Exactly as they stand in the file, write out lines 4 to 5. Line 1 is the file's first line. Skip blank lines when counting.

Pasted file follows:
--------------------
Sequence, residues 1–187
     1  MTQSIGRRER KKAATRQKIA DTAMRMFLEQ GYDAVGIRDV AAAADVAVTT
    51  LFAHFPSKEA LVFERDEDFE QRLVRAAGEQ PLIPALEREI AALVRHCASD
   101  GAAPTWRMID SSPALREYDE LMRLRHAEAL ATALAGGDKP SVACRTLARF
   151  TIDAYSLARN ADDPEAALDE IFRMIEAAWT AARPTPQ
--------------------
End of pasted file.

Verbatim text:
   101  GAAPTWRMID SSPALREYDE LMRLRHAEAL ATALAGGDKP SVACRTLARF
   151  TIDAYSLARN ADDPEAALDE IFRMIEAAWT AARPTPQ